6. Comics help fulfill National Common Core State Standard mandates- Briefly, this is accomplished through the following attributes:
    1. Advanced and concise vocabulary with image pairing- This creates memory pathways and associations, both important in functional learning.
    2. Development of themes, ideas and characters in visually sequential storytelling- Students can chart that development, increasing their attention to detail (for the story elements found in the art), and reinforcing their understanding of sequence (beginning, middle and end).
    3. Critical thinking is strengthened- The art in comics benefits visual learners, students who have weak language skills, and concrete learners with weak higher-order cognitive skills. The balance between words and text strengthens their grasp of metaphor, inference and social context. Also, the gutters call for the development of active problem solving, to extrapolate what has happened between panels.

You’ll find links to some of these studies below:

Comics Are Motivating

Words and Pictures Together Increase Recall and Problem Solving

Comics Have a High Average Vocabulary Level

Comics Enrich the Skills of Accomplished Readers

Comics Support English Language Learners

How Do I Use Comics to Teach?

”From verbal and visual literacy to critical thinking and memory, comics are a great tool to give young readers a head start.” – “Raising A Reader: How Graphic Novels Can Help Your Kids Love Reading!”

Pop Culture Classroom provides numerous free resources for educators to help with using comic books in the classroom, including lesson plans.

Here, I’ll just provide some quick, general ideas for using comics in the classroom. You’ll want to identify the themes of the comic book/graphic novel you’re teaching from. Then you can use those themes to engage the students in the following ways:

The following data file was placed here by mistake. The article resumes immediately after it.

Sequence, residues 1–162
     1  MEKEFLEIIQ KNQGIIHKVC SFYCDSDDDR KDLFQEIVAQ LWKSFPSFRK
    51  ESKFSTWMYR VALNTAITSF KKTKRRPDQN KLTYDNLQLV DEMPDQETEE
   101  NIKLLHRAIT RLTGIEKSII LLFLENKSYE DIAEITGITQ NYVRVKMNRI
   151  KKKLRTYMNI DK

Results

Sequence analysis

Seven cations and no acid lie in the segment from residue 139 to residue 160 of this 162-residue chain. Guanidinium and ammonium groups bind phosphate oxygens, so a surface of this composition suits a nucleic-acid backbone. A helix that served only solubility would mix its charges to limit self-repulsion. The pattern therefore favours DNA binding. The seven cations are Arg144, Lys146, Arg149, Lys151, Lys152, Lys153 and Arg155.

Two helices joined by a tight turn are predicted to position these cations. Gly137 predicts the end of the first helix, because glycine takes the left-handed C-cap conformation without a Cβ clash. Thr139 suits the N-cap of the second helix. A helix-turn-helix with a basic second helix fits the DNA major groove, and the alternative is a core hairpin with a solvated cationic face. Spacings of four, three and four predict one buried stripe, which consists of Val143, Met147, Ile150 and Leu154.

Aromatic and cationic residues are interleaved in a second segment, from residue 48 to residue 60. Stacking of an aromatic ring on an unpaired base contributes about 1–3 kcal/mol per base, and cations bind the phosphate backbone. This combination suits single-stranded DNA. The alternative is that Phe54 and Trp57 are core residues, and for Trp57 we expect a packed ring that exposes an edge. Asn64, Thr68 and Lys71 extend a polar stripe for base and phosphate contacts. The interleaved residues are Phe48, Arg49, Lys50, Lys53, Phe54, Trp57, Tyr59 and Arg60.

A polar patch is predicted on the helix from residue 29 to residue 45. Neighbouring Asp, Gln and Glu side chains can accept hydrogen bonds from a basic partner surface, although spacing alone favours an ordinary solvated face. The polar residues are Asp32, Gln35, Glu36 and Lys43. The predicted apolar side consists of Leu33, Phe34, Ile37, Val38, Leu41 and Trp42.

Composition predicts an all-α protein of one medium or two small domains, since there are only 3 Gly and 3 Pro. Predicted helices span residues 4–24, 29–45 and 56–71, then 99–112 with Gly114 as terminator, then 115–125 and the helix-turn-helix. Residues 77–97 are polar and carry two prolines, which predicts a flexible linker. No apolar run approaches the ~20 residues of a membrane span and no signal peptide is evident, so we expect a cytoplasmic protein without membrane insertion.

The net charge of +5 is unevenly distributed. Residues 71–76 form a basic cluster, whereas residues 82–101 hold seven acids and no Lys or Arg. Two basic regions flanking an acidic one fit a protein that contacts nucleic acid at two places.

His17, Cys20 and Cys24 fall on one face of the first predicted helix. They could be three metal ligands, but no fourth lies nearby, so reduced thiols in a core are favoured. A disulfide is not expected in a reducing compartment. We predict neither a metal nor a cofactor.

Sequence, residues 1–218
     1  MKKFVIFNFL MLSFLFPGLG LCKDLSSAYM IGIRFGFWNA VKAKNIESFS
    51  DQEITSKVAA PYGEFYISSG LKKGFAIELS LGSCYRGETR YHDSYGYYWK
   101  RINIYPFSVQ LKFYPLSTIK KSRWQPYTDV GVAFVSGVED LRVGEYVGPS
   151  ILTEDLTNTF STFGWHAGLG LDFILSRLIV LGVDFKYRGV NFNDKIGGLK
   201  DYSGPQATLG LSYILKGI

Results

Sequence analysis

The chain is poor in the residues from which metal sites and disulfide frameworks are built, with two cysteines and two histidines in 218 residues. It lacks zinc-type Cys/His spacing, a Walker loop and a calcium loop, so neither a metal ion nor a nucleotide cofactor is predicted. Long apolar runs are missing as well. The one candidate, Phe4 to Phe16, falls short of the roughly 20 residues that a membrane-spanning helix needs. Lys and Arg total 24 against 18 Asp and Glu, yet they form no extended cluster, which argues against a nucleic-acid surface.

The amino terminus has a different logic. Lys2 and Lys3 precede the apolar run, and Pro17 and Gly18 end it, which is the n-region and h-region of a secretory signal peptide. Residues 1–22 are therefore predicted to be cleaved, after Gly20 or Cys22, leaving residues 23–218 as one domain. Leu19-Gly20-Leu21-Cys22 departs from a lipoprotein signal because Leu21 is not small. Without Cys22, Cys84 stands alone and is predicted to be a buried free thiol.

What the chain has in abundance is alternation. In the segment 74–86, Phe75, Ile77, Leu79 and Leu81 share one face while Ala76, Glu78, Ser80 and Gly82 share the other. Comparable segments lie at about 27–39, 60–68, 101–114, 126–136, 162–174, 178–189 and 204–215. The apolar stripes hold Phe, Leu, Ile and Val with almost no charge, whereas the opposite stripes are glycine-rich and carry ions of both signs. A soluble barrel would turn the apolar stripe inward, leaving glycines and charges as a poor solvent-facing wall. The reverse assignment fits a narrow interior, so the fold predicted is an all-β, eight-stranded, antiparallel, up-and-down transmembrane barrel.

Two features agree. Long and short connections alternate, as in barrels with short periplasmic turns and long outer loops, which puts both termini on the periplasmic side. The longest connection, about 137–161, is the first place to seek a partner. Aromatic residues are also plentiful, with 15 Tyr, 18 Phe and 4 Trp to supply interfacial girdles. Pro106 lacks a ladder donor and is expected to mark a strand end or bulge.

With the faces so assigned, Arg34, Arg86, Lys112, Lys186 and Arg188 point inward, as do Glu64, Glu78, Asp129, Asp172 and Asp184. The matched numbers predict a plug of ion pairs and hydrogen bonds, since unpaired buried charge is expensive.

1. Art arrangement: A discussion of how the art (color, page design, lettering, panel placements, panel size, artistic direction) conveys the themes and emotions of the story. These elements also work towards teaching students how to determine the importance of a text.
  2. Sequencing: Examining panels and stories is a strong method of helping students easily understand order, much more so than in prose.
  3. Art and themes: Have students work in small groups to choose particular panels or pages that most strongly exemplify the themes you want to discuss, and have them identify how the art communicates these themes.
  4. Current events: Often, once the themes are identified in a comic story, they can be used as a bridge to lead a discussion about current events.
  5. Performance: If your students are able to read, you may want to treat the reading as a performance, assigning the out-loud reading of different characters to different students.
  6. Script writing: You can design an assignment where kids write on their own, using existing comics pages where the teacher has blanked out the words.

You’ll find many more specific tools on this website to aid you in your use of comics as a teaching tool. In the meantime, happy teaching!